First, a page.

George Will’s article (Times 4/5/12), “Should U.S. legalize drugs?” needs national discussion. Will states, “20 percent of all prisoners – 500,000 - are incarcerated for dealing drugs and alcohol causes half of criminal violence.” Interdiction and incarceration cost billions…some say, “Let’s just try legalization.”
Today, drugs impact children as young as ten, sniffing, puffing and drinking for a thrill or to feel good. Adults should ask…why are young people using drugs instead of learning how to live happy, healthy, productive lives?
Drugs have been around for centuries! As a mother, grandmother and crime prevention specialist for 35 years, I have seen American values, attitudes and parenting skills change which fueled the drug epidemic.
Families grew weaker. A growing number of “helicopter parents” don’t let children make mistakes, solve problems or suffer the consequences for bad behavior. Continually hovering, rescuing and controlling a child’s life, takes away their self-confidence, making him or her dependent. Children become targets for bullies.
Sensitive children suffer in silence as they struggle to fit in and be accepted. They don’t know how to handle rejection, failure, humiliation or bullying and focus on emotional pain, which leads to depression.
Without self-awareness, children become followers or may bully others because they are not on a path to discover their own identity. They feel powerless and escape in drugs, which masks the real problem. They have not been taught how to cope with the “slings and arrows” of life!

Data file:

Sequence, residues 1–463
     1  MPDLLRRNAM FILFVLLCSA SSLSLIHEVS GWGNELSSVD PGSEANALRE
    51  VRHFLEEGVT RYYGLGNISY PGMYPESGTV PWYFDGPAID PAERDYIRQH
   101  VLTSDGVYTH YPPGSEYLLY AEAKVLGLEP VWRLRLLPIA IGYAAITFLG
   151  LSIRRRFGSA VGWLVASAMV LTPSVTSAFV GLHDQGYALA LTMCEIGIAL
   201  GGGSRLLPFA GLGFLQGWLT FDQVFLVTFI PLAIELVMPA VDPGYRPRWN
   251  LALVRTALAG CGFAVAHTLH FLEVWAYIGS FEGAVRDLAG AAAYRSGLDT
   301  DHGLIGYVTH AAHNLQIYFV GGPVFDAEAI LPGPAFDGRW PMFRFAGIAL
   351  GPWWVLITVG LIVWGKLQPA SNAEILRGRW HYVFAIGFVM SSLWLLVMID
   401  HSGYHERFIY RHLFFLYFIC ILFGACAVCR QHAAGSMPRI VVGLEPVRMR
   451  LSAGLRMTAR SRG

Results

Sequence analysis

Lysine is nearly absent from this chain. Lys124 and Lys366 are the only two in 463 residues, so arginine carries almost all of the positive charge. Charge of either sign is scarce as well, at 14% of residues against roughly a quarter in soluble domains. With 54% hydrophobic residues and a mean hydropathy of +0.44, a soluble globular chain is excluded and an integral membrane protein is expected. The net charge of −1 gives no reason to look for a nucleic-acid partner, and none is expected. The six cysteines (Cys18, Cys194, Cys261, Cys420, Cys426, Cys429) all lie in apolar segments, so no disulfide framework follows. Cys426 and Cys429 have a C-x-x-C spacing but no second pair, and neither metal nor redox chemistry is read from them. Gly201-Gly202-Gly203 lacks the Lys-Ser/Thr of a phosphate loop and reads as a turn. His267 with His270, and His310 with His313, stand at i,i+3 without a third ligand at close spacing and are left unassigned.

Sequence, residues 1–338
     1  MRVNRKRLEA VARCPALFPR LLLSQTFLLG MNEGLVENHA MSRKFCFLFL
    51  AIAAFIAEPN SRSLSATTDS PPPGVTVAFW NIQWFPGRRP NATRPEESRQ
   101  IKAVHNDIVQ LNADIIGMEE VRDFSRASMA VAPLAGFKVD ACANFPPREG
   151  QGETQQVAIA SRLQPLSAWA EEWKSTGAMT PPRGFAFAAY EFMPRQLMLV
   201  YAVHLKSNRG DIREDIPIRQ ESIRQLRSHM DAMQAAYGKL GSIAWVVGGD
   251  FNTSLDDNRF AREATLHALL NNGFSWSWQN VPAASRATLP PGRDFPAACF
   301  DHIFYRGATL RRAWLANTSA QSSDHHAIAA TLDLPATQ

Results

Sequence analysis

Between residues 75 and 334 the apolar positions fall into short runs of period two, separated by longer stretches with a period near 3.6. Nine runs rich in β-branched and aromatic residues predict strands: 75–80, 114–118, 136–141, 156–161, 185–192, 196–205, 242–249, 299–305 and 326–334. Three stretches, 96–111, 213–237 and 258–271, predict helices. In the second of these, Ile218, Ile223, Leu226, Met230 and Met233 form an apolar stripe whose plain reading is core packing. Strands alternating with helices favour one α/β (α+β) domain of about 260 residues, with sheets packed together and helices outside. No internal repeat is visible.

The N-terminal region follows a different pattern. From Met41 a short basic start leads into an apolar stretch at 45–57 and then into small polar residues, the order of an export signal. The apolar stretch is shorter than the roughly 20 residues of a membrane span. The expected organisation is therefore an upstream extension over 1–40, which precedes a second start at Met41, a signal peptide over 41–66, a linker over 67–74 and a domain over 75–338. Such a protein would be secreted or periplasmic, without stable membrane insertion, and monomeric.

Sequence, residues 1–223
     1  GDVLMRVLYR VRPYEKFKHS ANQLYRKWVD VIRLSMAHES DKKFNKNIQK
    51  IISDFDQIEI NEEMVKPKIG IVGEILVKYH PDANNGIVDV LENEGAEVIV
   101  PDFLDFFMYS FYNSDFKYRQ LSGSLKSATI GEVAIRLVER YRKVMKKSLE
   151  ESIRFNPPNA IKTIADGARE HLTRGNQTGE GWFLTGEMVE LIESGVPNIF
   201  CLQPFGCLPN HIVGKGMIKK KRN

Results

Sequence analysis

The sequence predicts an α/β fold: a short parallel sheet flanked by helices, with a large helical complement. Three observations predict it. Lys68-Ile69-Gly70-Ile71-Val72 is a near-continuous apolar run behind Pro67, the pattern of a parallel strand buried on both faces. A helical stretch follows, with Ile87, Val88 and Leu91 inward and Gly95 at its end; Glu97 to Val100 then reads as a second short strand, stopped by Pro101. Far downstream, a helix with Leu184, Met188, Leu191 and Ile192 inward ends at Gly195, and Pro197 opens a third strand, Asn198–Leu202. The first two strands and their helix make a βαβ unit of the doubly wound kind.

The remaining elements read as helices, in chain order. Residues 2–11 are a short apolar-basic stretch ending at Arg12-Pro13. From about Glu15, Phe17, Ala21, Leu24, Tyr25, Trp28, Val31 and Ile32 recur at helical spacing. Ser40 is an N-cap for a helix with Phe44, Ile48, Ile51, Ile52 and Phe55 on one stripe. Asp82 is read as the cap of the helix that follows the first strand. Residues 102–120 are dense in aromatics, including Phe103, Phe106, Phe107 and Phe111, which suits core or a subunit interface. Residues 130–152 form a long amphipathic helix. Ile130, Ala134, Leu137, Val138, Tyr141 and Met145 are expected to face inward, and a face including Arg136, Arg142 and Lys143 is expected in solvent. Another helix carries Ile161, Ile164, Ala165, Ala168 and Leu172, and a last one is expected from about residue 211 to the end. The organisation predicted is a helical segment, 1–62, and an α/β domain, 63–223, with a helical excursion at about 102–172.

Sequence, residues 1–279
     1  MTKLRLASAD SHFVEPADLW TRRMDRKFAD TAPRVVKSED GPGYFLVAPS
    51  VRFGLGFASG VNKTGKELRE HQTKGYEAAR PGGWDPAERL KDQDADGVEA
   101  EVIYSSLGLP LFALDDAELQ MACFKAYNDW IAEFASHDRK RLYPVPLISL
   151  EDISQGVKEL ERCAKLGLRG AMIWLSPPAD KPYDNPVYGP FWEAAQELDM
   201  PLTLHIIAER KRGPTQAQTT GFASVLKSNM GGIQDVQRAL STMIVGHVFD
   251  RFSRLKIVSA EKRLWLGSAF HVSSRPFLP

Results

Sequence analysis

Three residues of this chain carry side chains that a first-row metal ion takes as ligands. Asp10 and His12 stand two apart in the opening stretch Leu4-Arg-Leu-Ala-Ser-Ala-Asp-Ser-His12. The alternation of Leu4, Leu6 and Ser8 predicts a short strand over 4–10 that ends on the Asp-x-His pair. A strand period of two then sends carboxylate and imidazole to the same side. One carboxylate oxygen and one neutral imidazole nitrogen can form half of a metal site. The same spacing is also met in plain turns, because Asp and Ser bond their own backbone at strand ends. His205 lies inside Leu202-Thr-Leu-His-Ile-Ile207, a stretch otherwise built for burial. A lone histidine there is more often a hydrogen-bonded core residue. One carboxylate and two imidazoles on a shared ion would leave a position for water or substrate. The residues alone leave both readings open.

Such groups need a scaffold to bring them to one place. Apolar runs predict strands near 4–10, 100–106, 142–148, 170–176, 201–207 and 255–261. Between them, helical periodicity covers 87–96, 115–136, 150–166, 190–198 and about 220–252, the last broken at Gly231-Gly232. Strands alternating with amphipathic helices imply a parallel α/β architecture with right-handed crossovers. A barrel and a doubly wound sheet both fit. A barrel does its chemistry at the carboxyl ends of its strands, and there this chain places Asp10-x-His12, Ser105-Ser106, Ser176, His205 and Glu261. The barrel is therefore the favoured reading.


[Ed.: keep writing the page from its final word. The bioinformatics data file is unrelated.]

WHAT CAN ADULTS DO?
Children need two major factors to help them take responsibility for their future.
1. Learn to live by their inner spirit to grow strong and resilient.
2. Networks of support help youth develop healthy relationships.
The media bombards children with beautiful people, sex and violence. Parents can find emotional support in churches or synagogues, which provide mentors and role models. Connected children do not become socially isolated or turn to drugs.
Children need self-confidence to say NO to drugs, sex and abuse. Self-aware children learn to trust their conscience, intuition and instincts, which can protect them. A foundation of values leads to happy, healthy, productive youth.
Legalize drugs? Let’s focus on children growing from their spirit, not inflated egos of, “I am right,” “You are wrong.” When young people are on a path of self-discovery, they pursue their dreams and see no need to abuse drugs to feel good.
Stephanie L. Mann, Crime and Violence Prevention Consultant